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Pinnacles National Monument, Soledad CA

What a strange feeling, driving down the highway without an Airstream behind us!

We got that fantastic California feeling, zipping down 101 through the desert valley south of Gilroy. Couldn’t be a more beautiful day. Sunshine pouring down on perfect rows of garlic, strawberries, artichokes, cabbage, and many other fruits & vegetables. Farm stands, too. I think I spent the whole time hungry, thinking about all the food growing around us.

The funny thing is that Californians think Hwy 101 and I-5 are boring. They haven’t driven through the Utah salt flats along US50, I guess. I always find the desert drives to be colorful and endlessly fascinating, especially as the sun approaches the horizon and lights up all the land’s contours to the east.

We stopped off in Soledad CA to visit Pinnacles National Monument. It’s one of those out-of-the-way national parks that we wouldn’t have had a chance to see otherwise. No camping in the park, and it wasn’t on our planned route down the coast. But it turned out to be well-worth the small detour.

Pinnacles is an unusual park in that you can access it from the east or west side but there are no roads that go through. Rt 101 gives access from the east, via a winding, scenic little road called California 146. This road becomes a single lane for several miles before you finally arrive at the tiny Chapparall ranger station.


There are no services here. No Visitor Center on the east side. But plenty of great hiking, rock climbing … and talus caves. The caves were our main reason for stopping – some bats were reportedly in resident in it, and we wanted Emma to get a chance to see some bats in the wild.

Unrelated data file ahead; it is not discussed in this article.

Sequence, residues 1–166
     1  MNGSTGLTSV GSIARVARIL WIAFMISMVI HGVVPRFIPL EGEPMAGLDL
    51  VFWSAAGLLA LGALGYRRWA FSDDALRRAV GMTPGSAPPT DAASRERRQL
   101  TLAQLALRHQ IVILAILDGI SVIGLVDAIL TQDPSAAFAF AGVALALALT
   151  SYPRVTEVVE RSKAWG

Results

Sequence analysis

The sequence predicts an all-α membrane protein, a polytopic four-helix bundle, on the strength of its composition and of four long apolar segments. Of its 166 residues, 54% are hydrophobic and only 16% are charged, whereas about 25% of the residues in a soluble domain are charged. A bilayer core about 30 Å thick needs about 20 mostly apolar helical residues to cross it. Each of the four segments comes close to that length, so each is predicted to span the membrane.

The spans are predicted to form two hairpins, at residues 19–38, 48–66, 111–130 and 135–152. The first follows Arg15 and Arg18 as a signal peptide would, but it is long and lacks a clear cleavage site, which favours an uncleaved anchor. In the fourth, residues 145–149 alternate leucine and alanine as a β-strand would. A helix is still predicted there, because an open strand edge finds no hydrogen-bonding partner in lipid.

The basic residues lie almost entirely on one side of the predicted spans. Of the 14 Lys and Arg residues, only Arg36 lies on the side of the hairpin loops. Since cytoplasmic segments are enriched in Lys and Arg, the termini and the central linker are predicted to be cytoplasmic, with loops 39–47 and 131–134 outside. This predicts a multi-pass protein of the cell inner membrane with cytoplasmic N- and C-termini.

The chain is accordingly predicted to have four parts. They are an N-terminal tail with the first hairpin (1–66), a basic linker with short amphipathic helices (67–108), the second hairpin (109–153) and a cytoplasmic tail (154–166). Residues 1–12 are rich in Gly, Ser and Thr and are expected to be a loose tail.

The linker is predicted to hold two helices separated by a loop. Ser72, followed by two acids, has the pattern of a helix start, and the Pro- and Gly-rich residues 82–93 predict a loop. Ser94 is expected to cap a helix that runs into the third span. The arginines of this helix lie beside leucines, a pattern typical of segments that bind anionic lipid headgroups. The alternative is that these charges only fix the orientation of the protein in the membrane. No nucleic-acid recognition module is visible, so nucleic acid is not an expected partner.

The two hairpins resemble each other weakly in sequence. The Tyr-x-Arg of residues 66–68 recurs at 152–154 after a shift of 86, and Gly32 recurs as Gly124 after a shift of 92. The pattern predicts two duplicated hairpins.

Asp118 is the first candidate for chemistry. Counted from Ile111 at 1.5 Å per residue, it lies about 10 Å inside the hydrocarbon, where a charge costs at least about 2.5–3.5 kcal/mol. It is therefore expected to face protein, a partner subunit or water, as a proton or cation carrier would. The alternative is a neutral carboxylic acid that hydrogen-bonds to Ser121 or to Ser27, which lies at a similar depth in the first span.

Pinnacles hike 2.jpg

The sharp-looking rocks that form the Pinnacles are the remains of an ancient volcano. They lie directly on the San Andreas Fault, that famous border between the North American plate and the Pacific plate. The endless grinding of the two plates has put half of the old volcano’s magma flow here in Soledad. The other half lies 195 miles southeast.

If you are more tourist than geologist, the Pinnacles are a great backdrop for photography, a challenging place to climb rocks, and a beautiful place to hike. We had only a couple of hours, so we took a relatively short hike of 2.5 miles (100 ft elevation gain, not much) which brought us up to the talus caves and back.

Pinnacles hike.jpg

Emma loved spelunking in the cave, as long as we were close by. There’s a bit of climbing involved, which is always popular with five-year olds. In the dark, negotiating rocks with a flashlight in one hand and an expensive camera around my neck, and an even more expensive child grabbing on me for support, I felt plenty challenged at times.

Unfortunately the bats were mostly out. We spotted only four smallish ones, snoozing on the wall. Still, it was a wonderful hike. Chestnuts had fallen from trees all through the area, with an amber hue that is completely different from the dark-brown chestnuts we have seen in the east. The Ponderosa pines left gigantic pine cones too, and the trail was constantly changing from dizzying cliffs to grassy floor, from dry wash to moist verdant moss. The hike was over in no time, and it was time to get back on the highway to Bakersfield.

Coming east from Hwy 101 the land turned to other western symbols: the wineries of the Paso Robles area, then oil wells slowly dipping up and down, strange-smelling processing plants, and palm trees. California is so big it should be three states, and so exciting and gorgeous it has the thrill of half a dozen others. I’m glad we’ll be back in ten days.


"Unfortunately the bats were mostly out"

I admit this is where we differ!

Look forward to seeing you soon!


Pinnacles National Monument is cool, because it's hidden and so out of character of the surrounding terrain. You feel like you've discovered a secret place no one else knows about.

Make that trip to the Monterey Bay Aquarium when you return. You won't regret it!

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